History

History of the Missouri-Kansas-Texas AKA Katy Railroad

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Until Christmas Day, 1872, no railroads connected Texas with the rest of the United States. This day, the Missouri-Kansas-Texas Railway crossed the bridge over the Red River and entered service into Texas. Better known as the Katy Railroad, this train line lasted for over 100 years, connecting central and eastern Texas to states to the north.

Origins of the Katy Railroad

Caboose from the Katy Railroad

Photo: Wikimedia Commons

The Katy Railroad began far from Texas in 1870 in Kansas. This new railway combined several smaller lines to create its initial extent throughout Kansas. At the time, it was known as the Union Pacific Railway Southern Branch, with no relation to the better known Union Pacific Railroad. A month after its incorporation, the company extended beyond the Kansas border into Indian Territory, which is today known as Oklahoma. By 1872, this line entered Texas, but it wouldn’t reach San Antonio until 1901.

Timeline of the Katy Railroad in Texas

Extent of the Katy Railroad

Photo: Wikimedia Commons

Though the line crossed into Texas in 1872, it did not reach the Hill Country for several more years. It extended its reach through building new lines and acquiring existing railroads. After crossing the Red River, the line did not reach Dallas until 1886. Waco connected to the line in 1888, and Houston with its Galveston branch line joined the Katy in 1893. The railroad extended west to San Antonio by 1901.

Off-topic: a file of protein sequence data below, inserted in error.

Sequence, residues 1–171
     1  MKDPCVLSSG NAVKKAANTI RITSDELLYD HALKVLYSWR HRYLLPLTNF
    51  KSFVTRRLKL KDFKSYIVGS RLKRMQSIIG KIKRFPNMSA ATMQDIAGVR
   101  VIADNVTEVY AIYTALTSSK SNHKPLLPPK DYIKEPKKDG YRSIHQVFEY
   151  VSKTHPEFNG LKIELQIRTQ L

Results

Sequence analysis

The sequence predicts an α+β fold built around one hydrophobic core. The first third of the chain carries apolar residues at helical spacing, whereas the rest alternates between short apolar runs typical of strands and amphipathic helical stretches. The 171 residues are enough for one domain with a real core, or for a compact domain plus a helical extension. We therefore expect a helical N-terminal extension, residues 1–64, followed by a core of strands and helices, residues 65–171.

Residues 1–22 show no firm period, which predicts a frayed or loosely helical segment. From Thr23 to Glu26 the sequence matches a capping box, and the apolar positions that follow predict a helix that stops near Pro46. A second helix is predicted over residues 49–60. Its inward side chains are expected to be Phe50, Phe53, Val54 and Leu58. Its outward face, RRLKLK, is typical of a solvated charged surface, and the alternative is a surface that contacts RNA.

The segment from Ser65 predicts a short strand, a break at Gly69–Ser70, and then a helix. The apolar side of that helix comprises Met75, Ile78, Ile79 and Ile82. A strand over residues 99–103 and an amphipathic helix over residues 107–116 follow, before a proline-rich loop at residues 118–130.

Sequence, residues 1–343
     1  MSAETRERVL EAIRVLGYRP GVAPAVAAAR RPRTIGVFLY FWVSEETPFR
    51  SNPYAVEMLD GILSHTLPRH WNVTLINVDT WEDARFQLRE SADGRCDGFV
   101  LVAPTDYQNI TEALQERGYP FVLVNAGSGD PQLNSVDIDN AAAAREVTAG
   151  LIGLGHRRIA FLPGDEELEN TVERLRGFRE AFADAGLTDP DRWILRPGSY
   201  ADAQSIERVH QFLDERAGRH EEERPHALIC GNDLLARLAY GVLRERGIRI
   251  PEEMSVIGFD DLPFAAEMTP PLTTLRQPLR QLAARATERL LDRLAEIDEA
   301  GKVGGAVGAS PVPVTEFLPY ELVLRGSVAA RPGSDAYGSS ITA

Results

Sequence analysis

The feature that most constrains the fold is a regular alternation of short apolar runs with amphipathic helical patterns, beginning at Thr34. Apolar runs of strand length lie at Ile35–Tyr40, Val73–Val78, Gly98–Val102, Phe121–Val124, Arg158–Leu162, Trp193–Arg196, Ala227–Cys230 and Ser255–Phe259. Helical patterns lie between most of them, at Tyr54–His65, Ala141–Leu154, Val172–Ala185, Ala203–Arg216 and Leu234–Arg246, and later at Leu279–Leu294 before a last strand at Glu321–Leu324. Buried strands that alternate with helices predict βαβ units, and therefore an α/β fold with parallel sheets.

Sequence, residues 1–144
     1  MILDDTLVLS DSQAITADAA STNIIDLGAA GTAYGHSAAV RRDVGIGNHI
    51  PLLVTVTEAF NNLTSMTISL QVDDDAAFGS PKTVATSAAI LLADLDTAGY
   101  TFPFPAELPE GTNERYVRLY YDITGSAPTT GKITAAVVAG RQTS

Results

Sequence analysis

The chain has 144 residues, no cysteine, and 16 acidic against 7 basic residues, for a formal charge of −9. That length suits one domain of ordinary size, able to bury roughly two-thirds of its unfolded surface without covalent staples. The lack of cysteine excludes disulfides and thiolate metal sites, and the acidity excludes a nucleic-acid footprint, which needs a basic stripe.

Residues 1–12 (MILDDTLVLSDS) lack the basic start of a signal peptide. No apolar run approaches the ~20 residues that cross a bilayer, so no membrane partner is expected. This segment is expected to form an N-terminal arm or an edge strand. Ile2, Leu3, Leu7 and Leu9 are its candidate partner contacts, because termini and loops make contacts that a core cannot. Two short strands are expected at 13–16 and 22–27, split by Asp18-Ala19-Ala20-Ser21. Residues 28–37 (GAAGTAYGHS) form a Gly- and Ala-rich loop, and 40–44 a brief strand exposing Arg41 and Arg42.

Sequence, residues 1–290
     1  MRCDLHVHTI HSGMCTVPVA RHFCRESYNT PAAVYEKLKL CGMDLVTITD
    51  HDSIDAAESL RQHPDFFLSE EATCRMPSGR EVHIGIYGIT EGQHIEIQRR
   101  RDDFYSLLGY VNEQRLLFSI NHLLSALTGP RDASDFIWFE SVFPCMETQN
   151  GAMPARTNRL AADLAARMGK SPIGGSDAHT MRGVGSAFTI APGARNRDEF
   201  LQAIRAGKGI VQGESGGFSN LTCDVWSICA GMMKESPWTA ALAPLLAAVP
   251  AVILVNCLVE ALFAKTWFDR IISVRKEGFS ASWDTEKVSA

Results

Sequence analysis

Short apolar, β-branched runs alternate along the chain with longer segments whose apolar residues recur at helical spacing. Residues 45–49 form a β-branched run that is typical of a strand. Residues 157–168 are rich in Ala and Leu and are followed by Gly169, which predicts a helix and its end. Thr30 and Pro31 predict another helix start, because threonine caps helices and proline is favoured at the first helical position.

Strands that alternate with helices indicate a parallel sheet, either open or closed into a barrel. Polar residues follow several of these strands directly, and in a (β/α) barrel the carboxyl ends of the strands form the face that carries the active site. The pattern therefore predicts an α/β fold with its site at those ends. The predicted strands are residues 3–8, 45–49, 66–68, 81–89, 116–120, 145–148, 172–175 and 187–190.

The Crush Crash Stunt

The crash at Crush Texas was a publicity stunt for the Katy Railroad

Photo: Wikimedia Commons

In 1896, to drum up business for the Katy Railroad, general passenger agent William Crush, choreographed a head-on collision between two Katy engines. The trains would meet in the temporary town of Crush at 5 p.m. So many spectators attended that, for the day of the event, the previously nonexistent town of Crush was the second-most populous in Texas. Though three people lost their lives in the stunt, the event did not taint the fame of the Katy Railroad, which continued to grow and expand into Texas.

End of the Line

An abandoned Katy Railroad station in Hewitt Texas
Photo: Flickr/SMU Central Library

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